We are now the proud owners of a Kelly KettlePosted by Fiona Nevile in Allotment, Reviews, Save Money | 13 comments
Suddenly at the Milton Keynes get together, Jean and Roy (aka Gottaknit and Seth) stepped forward and offered me a large mysterious object – wrapped in a dustbin liner with a very tight knot.
“Here is a late birthday present Fiona. You’ll need this on the allotment!”
The package was bulky. As I struggled to open the parcel I wondered what was inside. I could feel cardboard and something hard. Could it be metal? Some sort of feeder?
Imagine my delight when I finally peeped inside the box and found a Kelly Kettle lying on a nest of twigs and tinder dry split wood!
I’ve been longing for a Kelly Kettle for ages. Hot water from just a handful of twigs! Perfect in a power cut and of course up on the allotment. As you know I was thrown out of the Brownies before I could ever become a Girl Guide but open air cooking is appealing. Danny has always excited by the prospect of cooking over camp fires. As a child he played with them in Ireland but this Kelly Kettle was the first chance that he’d had to experiment with woodman skills as an adult.
This one was used by Roy when he worked out in the woods. He used it to make soup and hot drinks.
“It holds enough water for four mugs so you can invite friends to tea!”
Strange though it may seem, such an old fashioned pursuit as asking other plot holders over for a cup of tea is a large part of allotment life. Super hostesses like The Chicken Lady proffer a slice of homemade cake as well. We have been saved from dehydration from the kindness of smiling friends and strangers. Now it would be our turn with a green environmentally friendly twist.
Immediately we returned home I set the Kelly Kettle up in the fireplace. We were astonished how quickly it boiled – just four minutes. Apart from these impressive results it is fun and easy to use. A Kelly Kettle is a key part of a superb survival kit.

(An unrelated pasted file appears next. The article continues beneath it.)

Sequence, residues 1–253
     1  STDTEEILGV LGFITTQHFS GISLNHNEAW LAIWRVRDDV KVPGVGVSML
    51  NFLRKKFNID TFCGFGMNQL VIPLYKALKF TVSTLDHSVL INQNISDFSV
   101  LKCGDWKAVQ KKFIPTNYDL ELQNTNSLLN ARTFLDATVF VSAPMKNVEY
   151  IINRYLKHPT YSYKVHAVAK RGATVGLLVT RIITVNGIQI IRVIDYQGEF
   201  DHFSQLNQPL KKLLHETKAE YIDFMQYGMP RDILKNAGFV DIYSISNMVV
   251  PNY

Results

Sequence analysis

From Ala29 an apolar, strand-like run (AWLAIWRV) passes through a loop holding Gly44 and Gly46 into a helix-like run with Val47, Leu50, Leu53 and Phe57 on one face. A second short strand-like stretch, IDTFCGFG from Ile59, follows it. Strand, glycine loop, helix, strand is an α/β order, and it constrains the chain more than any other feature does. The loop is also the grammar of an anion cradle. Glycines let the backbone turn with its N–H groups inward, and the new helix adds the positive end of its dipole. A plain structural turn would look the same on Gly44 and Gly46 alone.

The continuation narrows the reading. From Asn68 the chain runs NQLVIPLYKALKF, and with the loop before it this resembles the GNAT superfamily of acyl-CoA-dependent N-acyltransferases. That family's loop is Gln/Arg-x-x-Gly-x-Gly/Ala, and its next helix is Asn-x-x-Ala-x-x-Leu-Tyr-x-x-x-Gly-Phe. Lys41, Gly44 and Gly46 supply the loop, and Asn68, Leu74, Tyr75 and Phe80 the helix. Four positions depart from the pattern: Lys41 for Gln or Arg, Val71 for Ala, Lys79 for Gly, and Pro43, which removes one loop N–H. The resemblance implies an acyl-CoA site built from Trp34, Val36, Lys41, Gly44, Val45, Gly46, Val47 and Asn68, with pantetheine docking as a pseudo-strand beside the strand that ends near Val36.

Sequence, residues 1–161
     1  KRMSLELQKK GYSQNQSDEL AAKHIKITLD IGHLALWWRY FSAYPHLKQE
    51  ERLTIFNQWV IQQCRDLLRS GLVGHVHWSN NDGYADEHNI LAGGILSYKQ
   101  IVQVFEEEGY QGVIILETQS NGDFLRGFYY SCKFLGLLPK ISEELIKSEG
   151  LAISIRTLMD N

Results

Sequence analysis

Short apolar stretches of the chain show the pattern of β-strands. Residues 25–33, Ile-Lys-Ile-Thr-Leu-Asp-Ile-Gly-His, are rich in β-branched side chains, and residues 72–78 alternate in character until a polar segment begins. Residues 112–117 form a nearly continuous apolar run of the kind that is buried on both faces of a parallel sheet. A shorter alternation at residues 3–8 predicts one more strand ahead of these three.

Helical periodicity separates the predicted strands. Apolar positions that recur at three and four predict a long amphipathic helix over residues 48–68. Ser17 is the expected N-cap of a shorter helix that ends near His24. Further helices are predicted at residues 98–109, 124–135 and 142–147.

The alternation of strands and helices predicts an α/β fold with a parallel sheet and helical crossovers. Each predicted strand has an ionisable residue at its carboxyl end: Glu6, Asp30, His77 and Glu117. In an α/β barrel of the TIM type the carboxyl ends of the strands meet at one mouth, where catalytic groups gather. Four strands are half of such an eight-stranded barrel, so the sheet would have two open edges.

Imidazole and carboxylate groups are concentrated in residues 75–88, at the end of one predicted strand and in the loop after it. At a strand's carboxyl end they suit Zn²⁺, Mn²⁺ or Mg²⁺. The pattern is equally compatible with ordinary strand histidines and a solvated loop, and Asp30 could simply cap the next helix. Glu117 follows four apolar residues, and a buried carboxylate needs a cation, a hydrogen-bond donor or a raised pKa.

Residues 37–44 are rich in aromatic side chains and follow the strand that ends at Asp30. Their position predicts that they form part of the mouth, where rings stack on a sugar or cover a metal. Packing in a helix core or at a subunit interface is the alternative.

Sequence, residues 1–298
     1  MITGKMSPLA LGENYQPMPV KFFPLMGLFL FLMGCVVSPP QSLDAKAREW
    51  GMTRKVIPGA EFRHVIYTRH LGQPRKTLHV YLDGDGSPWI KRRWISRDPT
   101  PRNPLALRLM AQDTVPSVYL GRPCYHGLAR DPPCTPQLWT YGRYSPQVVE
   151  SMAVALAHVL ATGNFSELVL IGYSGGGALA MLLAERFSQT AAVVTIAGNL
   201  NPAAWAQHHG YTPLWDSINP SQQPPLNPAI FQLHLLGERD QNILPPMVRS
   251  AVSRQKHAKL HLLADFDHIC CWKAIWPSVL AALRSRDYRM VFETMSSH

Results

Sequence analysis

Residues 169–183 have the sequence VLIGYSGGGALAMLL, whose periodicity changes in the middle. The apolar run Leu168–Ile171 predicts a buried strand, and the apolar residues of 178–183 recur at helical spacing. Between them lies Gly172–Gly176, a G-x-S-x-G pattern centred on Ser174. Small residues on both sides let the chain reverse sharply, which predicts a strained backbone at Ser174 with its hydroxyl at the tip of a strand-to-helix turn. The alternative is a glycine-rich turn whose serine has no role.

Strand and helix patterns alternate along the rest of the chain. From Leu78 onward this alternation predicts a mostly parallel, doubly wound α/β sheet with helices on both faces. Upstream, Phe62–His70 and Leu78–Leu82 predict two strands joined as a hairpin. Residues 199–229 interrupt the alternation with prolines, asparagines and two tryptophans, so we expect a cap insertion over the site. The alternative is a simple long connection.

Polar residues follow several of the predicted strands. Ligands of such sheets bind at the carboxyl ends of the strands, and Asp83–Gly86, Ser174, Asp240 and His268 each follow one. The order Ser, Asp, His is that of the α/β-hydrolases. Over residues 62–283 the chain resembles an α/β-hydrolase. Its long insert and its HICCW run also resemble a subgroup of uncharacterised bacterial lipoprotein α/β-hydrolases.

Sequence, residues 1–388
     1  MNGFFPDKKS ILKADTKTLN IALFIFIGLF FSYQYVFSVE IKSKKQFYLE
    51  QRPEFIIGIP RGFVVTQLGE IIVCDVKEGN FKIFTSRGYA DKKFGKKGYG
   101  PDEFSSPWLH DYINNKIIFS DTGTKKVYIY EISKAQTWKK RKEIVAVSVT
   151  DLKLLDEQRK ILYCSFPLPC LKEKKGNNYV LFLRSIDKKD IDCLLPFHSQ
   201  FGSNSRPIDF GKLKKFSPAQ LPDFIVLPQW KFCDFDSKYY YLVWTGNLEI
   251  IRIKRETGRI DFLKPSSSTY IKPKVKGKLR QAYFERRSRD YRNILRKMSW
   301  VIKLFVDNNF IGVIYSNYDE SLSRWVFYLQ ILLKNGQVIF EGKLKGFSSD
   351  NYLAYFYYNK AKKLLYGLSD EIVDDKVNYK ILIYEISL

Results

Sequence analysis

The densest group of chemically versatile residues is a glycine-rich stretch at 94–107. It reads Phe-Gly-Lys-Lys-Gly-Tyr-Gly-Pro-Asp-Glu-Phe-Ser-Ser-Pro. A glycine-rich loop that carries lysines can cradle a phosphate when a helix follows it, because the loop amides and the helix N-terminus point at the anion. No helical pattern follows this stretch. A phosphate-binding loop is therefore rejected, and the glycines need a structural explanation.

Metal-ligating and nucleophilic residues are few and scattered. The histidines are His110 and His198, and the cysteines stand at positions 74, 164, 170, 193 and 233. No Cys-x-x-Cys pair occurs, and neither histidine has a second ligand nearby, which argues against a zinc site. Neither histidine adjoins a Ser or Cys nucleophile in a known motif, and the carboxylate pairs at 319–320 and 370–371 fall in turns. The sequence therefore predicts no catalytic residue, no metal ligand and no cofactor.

I have to admit now that I love poking through camping shops. The cleverness of the gear – travelling light with the essentials that will provide most comfort far from home. I also need to share the fact that I have only been camping once – The Isle of White Music Festival 1970. The year when Leonard Cohen first played on the island. As far as I remember we didn’t even make a drink or cook.
The Kelly Kettle accompanied me to the allotment the next day. I sat outside our shack drinking a cup of tea within minutes. No one else was around so it was a private yet triumphal moment. That evening I ventured onto the internet and discovered that you can cook using a Kelly Kettle too. There is a nifty little device that sits in the top flue to hold a small pan. The base can be used to cook on as well. Once the fire is going well, slightly bigger pieces of wood can be carefully placed so that they drop down into the fire pit as they burn.
Danny began to plan quick one pot meals for the winter when we are building our pallet shed.
“I’m going to make a generous flue in the shed so that we can move the Kelly Kettle inside.”
You can actually buy cooking sets that can be carried inside the kettle. But we are going to experiment with our own racks and cooking pots for the time being.
The Kelly Kettle comes in three sizes. The Trekker, the Scout and The Base Camp. Ours is the latter.
Thank you so much Roy and Jean (aka Gottaknit). This is a fabulous present that will get constant use up on the allotment. As my fingers fly across the keyboard Danny is sorting dry fuel for tomorrows cooking enterprise. Watch this space!
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